For every one of these successes there are many, many times more discouraging stories of discarded items that, once lost, we can’t get back.
Like the person who told me that he threw out stacks of old New Era newspapers that were in the attic of the home when he moved in.
Or the too common story of a person’s belongings being disposed of by heirs who don’t understand their historic importance.
I often wonder how some of the items I see on eBay made their way across the miles to locations across the nation and even overseas.
In 2013, after I lost out on a winning bid for a 1920 Riverton July 4th Program, HSR member Gerald Blaney generously allowed us to scan his rare eBay find and display it here.
Such indispensable primary source material helps us flesh out the details of Riverton’s past. (Click on the thumbnail image at right to see a PDF file showing 4 pages.)
Here’s a puzzle – an eBay auction listing from a seller in Britain had a c1910 postcard of Main Street Riverton with a menu printed on the back for a restaurant in Amsterdam. I also had a Lawn House postcard with a Dutch distillery ad, but I neglected to scan the back before I sold it.
So… to summarize the lesson, kids, here is a list of the kinds of things that the Historical Society of Riverton collects (underlined terms link to examples of content; skip them if you do not want to see the images.) :
- vintage postcards and photos of Riverton. (Note that we display items for other South Jersey neighbors, Philly, and some shore points.)
- artifacts, collectibles, and ephemera, or paper items, such as business receipts, advertisements, letterheads, business cards
- printed items and artifacts related to a home such as old photos, blueprints, or an item connected to the history of that property
- work or employment records for old Riverton businesses such as Dreer’s
- photos of members of the armed forces whose names are on the Riverton War Memorial
- maps and aerial photos
- old phone books, business directories, real estate and classified ads
- old family photos, journals, writings, memoirs, etc. that offer insight to life in Riverton back in the day
- sports related items
- anything on the history and development of Riverton’s Glorious Fourth
- printed items, photos, and artifacts related to Riverton Public School, Riverton Yacht Club, the Porch Club, and any of the other service, social, civic, and religious organizations
- printed items and artifacts related to Riverton’s military members, fire fighters, and law enforcement
The primary purpose of the Historical Society of Riverton is to create an awareness of our heritage, to discover, restore, and preserve local objects and landmarks, and to continue to expand our knowledge of the history of the area.
Won’t you please help us keep it going.
– JMc, Editor
Great Party, Great Cause
On November 23, 2019 the Historical Society of Riverton hosted our first ever Historic House Party to raise funds to expand our Betty B. Hahle Excellence in History Award, a cash prize we have granted for over a decade to Riverton School’s most exceptional history students. As we celebrate our 50th anniversary this year, we’re looking to build on our past successes. Thanks to our members and friends, we have raised $4,000 to seed an expanded award program that supports excellence in history writing using the HSR’s archives.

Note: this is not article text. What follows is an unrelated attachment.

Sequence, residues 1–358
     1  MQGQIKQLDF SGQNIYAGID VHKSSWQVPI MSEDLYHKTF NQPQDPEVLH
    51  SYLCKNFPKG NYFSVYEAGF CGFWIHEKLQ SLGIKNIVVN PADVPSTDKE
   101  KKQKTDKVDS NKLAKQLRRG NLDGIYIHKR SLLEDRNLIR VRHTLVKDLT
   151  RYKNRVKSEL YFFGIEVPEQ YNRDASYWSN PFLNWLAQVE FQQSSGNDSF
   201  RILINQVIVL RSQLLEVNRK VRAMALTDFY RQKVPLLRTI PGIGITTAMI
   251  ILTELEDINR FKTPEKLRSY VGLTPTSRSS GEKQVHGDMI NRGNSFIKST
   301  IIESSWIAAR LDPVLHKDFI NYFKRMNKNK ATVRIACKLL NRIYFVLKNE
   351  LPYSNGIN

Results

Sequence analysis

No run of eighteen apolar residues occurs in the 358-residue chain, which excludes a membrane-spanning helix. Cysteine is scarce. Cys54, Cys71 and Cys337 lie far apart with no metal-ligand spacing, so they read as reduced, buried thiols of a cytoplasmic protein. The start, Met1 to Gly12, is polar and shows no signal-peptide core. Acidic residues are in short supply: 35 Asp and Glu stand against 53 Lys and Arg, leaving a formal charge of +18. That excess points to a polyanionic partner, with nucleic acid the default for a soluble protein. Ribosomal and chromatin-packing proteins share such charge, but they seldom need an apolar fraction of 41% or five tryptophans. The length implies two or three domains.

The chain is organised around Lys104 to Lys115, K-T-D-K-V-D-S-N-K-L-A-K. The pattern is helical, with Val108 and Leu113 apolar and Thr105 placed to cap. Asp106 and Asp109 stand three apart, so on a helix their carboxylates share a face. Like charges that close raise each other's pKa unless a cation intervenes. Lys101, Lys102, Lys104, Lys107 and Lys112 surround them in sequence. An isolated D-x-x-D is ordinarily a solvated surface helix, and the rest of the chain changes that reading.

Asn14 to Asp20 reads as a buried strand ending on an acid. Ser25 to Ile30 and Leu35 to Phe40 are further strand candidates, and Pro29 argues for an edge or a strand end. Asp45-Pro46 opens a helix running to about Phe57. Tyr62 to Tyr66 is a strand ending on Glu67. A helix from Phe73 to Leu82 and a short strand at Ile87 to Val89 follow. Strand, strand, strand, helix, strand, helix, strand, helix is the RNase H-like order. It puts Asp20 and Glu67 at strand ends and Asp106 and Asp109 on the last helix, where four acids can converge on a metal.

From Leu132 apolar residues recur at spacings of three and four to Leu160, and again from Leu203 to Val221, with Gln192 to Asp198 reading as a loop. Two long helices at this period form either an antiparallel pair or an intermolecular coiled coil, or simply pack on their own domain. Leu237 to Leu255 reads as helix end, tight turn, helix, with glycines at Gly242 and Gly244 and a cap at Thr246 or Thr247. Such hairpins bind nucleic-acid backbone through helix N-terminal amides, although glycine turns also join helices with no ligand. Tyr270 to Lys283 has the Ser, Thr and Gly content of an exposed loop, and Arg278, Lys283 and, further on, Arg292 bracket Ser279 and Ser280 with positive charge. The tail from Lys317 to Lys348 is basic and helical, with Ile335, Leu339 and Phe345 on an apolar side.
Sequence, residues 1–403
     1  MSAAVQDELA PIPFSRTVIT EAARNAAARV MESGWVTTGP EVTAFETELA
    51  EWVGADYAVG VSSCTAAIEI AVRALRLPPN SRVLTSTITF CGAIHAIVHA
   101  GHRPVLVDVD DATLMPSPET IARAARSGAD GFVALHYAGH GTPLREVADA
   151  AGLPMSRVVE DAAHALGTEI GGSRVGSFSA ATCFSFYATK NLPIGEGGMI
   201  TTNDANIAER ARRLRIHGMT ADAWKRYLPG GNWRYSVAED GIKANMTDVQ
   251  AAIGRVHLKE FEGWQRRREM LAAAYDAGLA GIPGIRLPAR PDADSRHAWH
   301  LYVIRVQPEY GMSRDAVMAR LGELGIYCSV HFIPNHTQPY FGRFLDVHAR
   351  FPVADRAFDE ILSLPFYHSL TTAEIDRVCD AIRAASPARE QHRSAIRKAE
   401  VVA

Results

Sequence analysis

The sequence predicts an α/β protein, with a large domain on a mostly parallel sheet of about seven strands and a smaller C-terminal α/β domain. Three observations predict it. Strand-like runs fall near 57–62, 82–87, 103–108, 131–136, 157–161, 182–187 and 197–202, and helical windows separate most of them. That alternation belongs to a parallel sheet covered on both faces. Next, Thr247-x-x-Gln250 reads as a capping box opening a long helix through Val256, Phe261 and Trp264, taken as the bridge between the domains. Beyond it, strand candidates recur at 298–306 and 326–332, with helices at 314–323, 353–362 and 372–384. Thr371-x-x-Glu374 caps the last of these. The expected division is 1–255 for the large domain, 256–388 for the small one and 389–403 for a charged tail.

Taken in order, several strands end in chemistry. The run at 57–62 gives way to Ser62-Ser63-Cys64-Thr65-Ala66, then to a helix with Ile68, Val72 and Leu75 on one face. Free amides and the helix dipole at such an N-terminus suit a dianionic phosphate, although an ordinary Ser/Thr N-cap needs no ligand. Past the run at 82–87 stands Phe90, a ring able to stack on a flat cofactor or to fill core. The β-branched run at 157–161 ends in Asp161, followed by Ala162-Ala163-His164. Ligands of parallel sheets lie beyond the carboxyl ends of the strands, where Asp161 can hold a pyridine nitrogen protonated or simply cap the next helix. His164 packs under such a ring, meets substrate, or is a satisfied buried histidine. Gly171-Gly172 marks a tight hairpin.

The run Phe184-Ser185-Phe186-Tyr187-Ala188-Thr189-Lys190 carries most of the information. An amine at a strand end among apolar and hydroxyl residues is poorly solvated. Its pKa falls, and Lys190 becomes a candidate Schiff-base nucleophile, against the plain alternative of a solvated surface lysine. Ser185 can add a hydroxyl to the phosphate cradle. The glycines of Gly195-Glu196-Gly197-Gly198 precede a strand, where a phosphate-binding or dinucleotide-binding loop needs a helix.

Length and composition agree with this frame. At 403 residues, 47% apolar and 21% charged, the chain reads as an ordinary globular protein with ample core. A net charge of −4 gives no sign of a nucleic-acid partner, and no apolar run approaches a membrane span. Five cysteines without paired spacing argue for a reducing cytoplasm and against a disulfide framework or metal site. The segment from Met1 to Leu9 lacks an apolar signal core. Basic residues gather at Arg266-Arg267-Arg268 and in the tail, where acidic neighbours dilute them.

The Historic House
The event took place at the historic Coale House, located at 100 Lippincott Avenue in Riverton. The house, built in 1878, has seen a lot of parties. We used a photo of one of these in our publicity for the November 23 event. Before 1910, parties would have taken place in the drawing room where this 1889 photo was taken.
In 1910, Hetty Coale commissioned designs for a renovation of the Second Empire style house at the corner of Lippincott Avenue and Carriage House Lane. This update included the house’s distinctive wraparound porch. The 1910 plan also included a new stable/carriage house, fireplaces, front façade windows, and a substantial reorganization of rooms which make the house’s interior feel more like a four square of the early 20th century than a conventional Victorian house.
The original façade and porch looked very similar to those on other Victorians on Lippincott Avenue. To achieve a more contemporary look, the architects of the 1910 remodel chose round, simple Tuscan columns for the porch, as well as pine decking. In 2019, current owners Henry and Heather Huffnagle replaced the rotting porch with mahogany decking and synthetic columns identical to those in the 1910 scheme.
The 1910 porch is the perfect spot for a Riverton party most months of the year. For our fundraiser, strings of Edison lights festooned the front and back porches. People flowed in and out of the house all night. Nearly 90 people took part in the event, and many helped with finishing touches.